Drunkskunk wrote:Don't get me wrong, I'm not knocking all friction rollers. Just the application of this one. Friction rollers are fine for use when its flat and dry, and reasonably clean road conditions. For wet, dirty conditions, and hill climbing, friction rollers are the wrong tool for the job.
you wouldn't take a Porche 911 turbo to go rock cralling in Moab, and you wouldn't take a lifted rock crawler Jeep to race in La Mons.
Like I said, I ride some pretty big hills around here and it works great. I also don't see why you would think you need clean road conditions. I ride on dirt, gravel, pretty much all conditions except wet (It really, really does suck in wet). I will say though, if I intended it to be a true off road bike I would choose a different drive system just because of the wet issue.
I just wish I could get some people on here to try my bike. I think they would be surprised. A local guy with a WE kit that tried it and was shocked. He now wants me to help him build a second bike. Some of you guys with super high power wouldn't be impressed but I only have around $125 in my motor, batteries, and controller. And for me, cheap is kind of the point of having an electric bike.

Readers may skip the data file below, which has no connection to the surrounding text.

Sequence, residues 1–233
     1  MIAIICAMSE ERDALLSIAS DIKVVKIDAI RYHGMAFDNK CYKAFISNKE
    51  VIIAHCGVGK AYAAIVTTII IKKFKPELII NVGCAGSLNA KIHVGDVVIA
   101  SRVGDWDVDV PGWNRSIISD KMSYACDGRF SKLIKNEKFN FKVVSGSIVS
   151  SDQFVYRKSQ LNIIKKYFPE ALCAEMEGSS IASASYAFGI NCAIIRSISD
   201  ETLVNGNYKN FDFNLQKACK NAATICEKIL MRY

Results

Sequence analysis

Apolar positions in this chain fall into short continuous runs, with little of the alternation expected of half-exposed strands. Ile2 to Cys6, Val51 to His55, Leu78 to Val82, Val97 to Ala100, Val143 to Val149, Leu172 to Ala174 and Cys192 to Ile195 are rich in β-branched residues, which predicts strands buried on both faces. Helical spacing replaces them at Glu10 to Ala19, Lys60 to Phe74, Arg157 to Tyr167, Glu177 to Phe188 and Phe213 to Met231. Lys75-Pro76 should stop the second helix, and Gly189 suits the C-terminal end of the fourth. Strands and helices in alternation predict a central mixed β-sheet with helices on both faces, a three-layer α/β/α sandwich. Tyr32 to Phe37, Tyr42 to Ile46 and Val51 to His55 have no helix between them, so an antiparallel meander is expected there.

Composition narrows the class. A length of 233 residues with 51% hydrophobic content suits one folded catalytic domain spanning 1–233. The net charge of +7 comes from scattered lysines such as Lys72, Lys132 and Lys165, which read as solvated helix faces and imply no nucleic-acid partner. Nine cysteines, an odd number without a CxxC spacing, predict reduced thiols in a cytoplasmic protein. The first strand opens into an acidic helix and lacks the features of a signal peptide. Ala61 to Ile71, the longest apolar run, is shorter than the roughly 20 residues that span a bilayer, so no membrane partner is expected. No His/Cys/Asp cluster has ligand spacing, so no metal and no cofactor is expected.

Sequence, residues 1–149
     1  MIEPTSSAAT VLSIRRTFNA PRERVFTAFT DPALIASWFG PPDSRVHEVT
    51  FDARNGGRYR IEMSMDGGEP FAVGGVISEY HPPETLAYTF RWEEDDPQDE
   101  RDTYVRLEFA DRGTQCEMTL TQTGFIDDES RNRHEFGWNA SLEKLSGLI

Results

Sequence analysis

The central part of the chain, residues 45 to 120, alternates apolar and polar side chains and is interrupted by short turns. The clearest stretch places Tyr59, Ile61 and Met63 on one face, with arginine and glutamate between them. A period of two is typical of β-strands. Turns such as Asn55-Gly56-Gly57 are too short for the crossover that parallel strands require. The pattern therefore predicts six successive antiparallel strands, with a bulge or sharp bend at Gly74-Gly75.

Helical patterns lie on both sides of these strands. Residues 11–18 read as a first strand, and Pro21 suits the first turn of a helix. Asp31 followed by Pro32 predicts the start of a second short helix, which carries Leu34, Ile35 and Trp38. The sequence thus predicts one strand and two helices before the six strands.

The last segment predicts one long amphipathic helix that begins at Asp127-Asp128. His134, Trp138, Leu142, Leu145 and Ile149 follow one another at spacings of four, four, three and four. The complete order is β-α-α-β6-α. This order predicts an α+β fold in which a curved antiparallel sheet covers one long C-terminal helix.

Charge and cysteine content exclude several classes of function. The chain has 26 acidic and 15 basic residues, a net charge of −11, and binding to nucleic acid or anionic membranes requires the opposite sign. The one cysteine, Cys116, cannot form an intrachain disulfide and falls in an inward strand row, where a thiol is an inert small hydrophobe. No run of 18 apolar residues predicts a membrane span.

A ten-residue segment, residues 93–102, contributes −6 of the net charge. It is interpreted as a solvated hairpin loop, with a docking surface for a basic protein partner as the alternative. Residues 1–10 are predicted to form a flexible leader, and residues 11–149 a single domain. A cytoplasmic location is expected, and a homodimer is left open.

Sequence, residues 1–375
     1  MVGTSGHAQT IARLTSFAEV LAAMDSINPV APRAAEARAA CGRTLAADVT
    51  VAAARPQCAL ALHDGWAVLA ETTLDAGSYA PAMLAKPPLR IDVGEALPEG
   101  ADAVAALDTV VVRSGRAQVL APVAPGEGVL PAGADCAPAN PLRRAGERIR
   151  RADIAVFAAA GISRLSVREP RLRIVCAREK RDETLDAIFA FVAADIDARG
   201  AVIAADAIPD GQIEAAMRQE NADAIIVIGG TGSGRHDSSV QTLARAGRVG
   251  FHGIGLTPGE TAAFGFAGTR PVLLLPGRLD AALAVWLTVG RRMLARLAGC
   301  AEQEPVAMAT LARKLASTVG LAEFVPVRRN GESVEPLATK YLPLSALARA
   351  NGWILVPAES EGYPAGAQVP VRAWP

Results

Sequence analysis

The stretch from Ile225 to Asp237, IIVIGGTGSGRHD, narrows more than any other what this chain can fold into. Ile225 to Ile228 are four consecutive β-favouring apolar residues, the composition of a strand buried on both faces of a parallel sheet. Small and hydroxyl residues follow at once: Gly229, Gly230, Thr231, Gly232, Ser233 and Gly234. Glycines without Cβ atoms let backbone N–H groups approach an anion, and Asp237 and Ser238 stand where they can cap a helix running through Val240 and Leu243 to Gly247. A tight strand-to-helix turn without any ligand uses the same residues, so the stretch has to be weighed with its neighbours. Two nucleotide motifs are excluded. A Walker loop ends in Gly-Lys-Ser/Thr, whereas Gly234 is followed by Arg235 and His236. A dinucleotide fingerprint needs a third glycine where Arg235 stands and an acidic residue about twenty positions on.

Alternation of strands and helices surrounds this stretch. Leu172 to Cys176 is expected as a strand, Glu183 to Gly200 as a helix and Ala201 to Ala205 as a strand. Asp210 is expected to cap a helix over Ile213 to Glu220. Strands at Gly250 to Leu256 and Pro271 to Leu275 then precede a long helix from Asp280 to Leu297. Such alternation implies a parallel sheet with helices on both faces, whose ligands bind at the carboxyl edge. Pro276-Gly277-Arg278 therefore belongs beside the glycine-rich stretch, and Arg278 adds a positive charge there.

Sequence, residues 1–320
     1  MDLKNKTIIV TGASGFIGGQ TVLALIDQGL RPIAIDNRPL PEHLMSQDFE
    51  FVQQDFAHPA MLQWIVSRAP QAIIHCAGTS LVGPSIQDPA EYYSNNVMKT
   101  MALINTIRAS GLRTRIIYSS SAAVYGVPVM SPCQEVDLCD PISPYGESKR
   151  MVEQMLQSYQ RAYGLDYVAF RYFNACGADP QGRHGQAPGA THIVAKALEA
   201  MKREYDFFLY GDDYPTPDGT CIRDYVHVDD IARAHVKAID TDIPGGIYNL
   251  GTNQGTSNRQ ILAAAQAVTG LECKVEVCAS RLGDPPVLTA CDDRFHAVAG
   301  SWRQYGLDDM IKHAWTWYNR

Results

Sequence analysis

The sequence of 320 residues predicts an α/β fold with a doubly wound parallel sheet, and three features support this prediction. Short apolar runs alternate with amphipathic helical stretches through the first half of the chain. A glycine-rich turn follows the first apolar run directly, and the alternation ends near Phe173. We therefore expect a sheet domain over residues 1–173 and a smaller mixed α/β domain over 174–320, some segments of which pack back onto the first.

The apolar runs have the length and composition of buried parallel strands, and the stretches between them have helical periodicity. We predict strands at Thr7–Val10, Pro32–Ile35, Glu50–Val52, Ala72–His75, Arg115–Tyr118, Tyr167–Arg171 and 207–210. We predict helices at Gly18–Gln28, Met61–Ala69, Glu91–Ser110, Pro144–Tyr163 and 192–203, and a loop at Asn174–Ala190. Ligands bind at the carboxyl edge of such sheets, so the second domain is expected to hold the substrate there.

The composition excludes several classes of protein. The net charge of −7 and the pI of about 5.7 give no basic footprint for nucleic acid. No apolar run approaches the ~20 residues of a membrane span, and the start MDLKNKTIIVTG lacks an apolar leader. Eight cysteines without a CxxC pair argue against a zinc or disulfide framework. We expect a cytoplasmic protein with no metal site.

And actually, Porsche made some pretty good rallye cars. http://www.autoblog.com/media/2006/07/porsche-959-rally-dakar-dusty-resized.jpg
The issue in the past has been with really cheesy friction systems. It's a low cost way to make an e-bike so companies that made them used crap motors and cheap parts. From what I've seen on the internet, people that make their own friction system tend to go the cheesy route too. It' usually a non-freewheeling roller just hanging off a junk motor.
And don't get me wrong either. I'm just enjoying the conversation, I don't want to get in a big debate over it. I do totally understand why people don't think it would work. It just seems too easy and 'ghetto'. That's ok though, I like being different and most important, cheap. lol